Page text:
For details see: PDA

Posted by Tim Sandle

Sunday 26 October 2014

ISO Standard 14001

The International Organization for Standardization (ISO) has announced that proposed revisions to ISO 14001, an international standard for environmental management systems, are open for comment.

The ISO 14000 standards focus on environmental management and provide the information that companies need to understand how to reduce their environmental impact and increase efficiency. ISO 14001 specifically targets environmental management systems; the proposed revision will expand the focus on environmental protection to include proactive solutions and top management responsibilities.

The standard is in the Draft International Standard (DIS) stage, fourth of six stages through which standard revisions move. In the three month-long DIS stage, any person can submit feedback and suggested changes to the revision committee. ISO standards are reviewed every five years to respond to trends and ensure that compatibility remains among all ISO standards.

An ISO report on emerging changes in the 14001 standard outlines seven specific areas that will be addressed in the revision. Each of the seven areas affects companies trying to commit to environmental protection as a business priority.

The proposed Strategic Environmental Protection clause features a requirement to  identify and leverage opportunities that benefit the organization and the environment, with a focus on issues or changing circumstances related to the needs and expectations of interested parties, regulatory requirements, and local, regional or global environmental conditions that can be affected by the organization.

The proposed Leadership clause adds assignments for specific responsibilities for individuals in leadership positions to increase the role of environmental management in an organization.

The standard’s Protecting the Environment clause will be expanded to include proactive measures for companies to commit to when adopting a greener business strategy. The overall evaluation will place expectations on companies to “protect the environment” to the best of their ability and with consistency to the company’s mission. Protection of the environment is open to interpretation depending on the company’s directives, with paths including more stringent pollution standards, adoption of sustainable resources, and protection of affected ecosystems.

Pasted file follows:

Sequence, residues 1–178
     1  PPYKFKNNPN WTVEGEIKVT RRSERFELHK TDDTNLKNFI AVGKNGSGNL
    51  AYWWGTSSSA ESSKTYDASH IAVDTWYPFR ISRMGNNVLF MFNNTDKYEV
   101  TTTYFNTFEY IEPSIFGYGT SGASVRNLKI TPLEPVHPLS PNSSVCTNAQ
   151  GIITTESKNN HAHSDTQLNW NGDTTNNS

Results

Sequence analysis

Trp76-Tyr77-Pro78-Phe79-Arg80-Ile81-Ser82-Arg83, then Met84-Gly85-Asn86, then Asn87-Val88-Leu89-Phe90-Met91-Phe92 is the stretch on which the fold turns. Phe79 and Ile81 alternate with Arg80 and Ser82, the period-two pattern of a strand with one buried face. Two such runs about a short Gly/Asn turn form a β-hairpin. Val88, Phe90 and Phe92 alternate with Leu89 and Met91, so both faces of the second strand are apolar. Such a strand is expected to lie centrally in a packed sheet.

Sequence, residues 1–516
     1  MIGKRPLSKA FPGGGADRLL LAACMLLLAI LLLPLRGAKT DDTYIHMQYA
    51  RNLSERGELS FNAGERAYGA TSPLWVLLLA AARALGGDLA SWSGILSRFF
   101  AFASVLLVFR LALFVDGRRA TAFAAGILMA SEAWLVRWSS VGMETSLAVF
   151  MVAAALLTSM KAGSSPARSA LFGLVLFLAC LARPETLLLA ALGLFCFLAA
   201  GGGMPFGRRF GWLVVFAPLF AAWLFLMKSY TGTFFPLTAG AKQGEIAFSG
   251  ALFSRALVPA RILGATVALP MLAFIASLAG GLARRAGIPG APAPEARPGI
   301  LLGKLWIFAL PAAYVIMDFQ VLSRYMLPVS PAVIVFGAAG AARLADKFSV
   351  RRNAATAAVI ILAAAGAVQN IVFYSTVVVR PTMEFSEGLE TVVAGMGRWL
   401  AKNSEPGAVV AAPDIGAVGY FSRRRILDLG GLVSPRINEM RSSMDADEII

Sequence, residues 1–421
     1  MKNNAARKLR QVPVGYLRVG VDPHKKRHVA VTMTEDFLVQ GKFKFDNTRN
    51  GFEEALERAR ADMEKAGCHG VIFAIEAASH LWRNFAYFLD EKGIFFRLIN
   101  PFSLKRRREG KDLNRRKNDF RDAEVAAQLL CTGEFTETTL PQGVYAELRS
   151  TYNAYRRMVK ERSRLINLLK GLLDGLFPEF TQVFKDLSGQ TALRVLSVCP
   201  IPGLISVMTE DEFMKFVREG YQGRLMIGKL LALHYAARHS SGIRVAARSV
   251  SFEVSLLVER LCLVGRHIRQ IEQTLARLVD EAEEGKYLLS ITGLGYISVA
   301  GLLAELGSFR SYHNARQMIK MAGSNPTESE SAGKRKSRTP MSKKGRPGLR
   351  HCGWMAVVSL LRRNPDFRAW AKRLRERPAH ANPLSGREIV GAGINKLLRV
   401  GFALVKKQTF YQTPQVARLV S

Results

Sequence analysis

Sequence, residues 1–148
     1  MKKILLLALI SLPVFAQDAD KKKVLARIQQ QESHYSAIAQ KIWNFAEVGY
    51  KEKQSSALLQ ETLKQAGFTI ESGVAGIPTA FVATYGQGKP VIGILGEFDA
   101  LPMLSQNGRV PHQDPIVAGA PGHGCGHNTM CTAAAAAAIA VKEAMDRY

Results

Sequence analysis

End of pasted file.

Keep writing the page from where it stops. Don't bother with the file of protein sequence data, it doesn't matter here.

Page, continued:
The proposed Environmental Performance clause shifts emphasis from improving the company management system to focusing on reducing emissions and waste that impact the environment. Similarly, the Lifecycle Thinking clause will be expanded from concerns of environmental impact of goods and services to the entire lifespan of the product, including use and disposal.

The Communication clause will be expanded to include individuals working within the company to make suggestions for a greener business strategy, improved communication with regulatory agencies, and other companies.

Finally, the Documentation section will be changed to give companies the resources to decide when measures need to be taken to “ensure effective process control.” This amendment to the original standard also takes into account compatibility with ISO 9001, which focuses on the requirements of a quality management system.

At the end of the DIS stage in November, the standard will move into the Final Draft International Stage. Publication is expected for the end of 2015

For a copy of the standard, contact ISO or an appropriate national standards body.

Reference: ISO

Posted by Tim Sandle

Saturday 25 October 2014

High-throughput cell-sorting

A new, high-throughput method for sorting cells has been developed, capable of separating 10 billion bacterial cells in 30 minutes. The finding has already proven useful for studying bacterial cells and microalgae, and could one day have direct applications for biomedical research and environmental science -- basically any field in which a large quantity of microbial samples need to be processed.

The new method was described in a September 2014 publication in the scientific journal Analytical Chemistry, "Surface free energy activated high-throughput cell sorting."

The new method relies on a measurement principle that sorts cells by differentiating their characteristic surface free energies.